Today was the first day teaching Intro to Design Computing. It was my first day teaching anything, ever, officially. I didn’t die. So hurray!

But it was harder than I thought it would be. My throat got dry and we’re not allowed to have any drinks in the computer lab. And my introduction and presentation went a lot quicker than I thought.

The class has 16 people registered, but about 30 people showed up. I scared a couple away with my overview, but eight or so still talked to me after class about getting in. I’m capping it at 20.

While I had a syllabus, the projects and the time line is vague. So I need to clearly define what the projects will be. And I need to do this soon, as I plan to give the first assignment on Thursday.

For the first part of the course, I’m having them do rapid prototyping focusing on the elements of interaction defined by Dan Saffer in Designing for Interaction. But I need to figure out exactly what those mini projects will be, which I realized for sure when confronted by 30 sets of inquisitive eyes.

Here’s the current syllabus, which will likely change over the next day or two. I need to combine or eliminate some of the projects. And, like I said, clearly determine what each will entail.

Design Computing will focus on prototyping interactions, interfaces, and experiences as a designer. We will start with simple, low fidelity prototypes and work our way toward higher fidelity. Also, we will explore ways to communicate experiences for design concepts.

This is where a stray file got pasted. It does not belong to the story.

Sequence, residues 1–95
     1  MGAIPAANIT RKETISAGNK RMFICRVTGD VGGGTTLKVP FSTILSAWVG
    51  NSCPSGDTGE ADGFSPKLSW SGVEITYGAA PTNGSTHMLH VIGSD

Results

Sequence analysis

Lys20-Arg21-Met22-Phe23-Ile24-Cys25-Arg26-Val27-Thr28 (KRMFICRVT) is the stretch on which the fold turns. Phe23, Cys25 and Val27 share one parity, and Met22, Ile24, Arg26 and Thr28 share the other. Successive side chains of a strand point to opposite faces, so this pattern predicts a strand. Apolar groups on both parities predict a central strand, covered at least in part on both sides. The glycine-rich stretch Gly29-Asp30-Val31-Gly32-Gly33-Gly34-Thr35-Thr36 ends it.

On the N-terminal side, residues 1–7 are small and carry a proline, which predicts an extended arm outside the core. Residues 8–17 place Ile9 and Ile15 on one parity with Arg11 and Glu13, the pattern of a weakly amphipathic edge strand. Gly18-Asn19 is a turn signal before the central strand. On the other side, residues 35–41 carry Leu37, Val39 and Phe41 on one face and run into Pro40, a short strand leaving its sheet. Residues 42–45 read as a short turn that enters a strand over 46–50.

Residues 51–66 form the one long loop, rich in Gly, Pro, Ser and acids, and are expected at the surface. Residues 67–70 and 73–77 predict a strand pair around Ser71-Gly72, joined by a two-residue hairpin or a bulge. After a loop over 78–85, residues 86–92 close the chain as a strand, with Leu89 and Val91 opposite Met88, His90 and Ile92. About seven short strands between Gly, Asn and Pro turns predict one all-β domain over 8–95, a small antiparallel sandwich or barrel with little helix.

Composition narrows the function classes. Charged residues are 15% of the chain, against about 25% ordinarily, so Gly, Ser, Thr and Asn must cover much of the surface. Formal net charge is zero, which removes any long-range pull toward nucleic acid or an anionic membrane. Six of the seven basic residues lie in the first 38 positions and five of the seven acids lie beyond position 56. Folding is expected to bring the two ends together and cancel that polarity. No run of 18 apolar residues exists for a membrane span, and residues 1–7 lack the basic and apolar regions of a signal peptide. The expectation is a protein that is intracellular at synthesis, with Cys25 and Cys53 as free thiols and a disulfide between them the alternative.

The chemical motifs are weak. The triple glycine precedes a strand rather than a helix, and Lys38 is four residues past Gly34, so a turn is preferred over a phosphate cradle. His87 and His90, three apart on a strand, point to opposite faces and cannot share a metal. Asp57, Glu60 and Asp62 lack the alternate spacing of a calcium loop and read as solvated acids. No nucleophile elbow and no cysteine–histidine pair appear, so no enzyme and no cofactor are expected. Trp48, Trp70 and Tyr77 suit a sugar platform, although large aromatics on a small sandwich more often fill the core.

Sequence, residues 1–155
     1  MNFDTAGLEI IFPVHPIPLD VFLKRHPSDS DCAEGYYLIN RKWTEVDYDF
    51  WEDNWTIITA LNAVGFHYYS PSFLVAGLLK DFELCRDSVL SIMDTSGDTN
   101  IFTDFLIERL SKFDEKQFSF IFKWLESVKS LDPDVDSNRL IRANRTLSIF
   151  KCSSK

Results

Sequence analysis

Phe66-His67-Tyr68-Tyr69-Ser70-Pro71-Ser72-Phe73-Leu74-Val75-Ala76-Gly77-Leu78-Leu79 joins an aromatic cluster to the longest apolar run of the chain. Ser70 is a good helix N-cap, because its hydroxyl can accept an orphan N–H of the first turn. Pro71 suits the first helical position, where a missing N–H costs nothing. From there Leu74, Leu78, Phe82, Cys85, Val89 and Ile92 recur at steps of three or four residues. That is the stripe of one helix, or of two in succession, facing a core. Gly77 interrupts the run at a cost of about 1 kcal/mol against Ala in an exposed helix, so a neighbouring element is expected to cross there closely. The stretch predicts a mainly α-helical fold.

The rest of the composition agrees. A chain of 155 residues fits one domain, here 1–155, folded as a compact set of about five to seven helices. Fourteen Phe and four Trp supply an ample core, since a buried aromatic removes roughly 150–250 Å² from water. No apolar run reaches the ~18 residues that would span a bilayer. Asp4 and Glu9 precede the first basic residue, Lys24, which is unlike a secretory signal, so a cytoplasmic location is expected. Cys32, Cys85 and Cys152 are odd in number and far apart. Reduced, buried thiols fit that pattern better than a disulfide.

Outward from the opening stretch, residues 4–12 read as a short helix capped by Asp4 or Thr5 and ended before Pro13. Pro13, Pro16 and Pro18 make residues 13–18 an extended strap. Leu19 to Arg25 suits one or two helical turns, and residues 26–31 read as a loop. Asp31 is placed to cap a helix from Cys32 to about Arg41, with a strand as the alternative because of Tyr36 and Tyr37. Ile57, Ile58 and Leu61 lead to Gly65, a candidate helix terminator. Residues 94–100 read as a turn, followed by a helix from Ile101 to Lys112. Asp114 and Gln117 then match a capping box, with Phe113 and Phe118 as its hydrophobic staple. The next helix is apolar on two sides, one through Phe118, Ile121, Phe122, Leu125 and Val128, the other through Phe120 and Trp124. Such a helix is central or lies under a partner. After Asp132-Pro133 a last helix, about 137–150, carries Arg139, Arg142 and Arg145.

Flash will be the core tool for prototyping, but other options will also be considered, including AfterEffects and Processing. By the end of the course, you should feel comfortable working with Flash as a prototyping tool. This course, however, is not about learning how to program or about making you a Flash expert.

In evaluating the work we do in this class, we will focus on
behavior and experience. Projects and conversation will also focus on the elements of interaction: motion, space, time, appearance,
texture, and sound.

We will also explore how to encourage play through interaction and understanding the role of emotion in digital prototyping.

In addition, throughout the course we will create a web portfolio using a combination of HTML and Flash.

Key Takeaways

  • Rapid prototyping
  • Communicating and experience with ditigal tools
  • Comfortable prototyping in Flash
  • Basic knowledge of creating a website


  • Motion, space, time, appearance, texture, sound
  • Mobile interface
  • Video prototyping
  • Physical prototyping
  • Website/portfolio
  • Play and emotion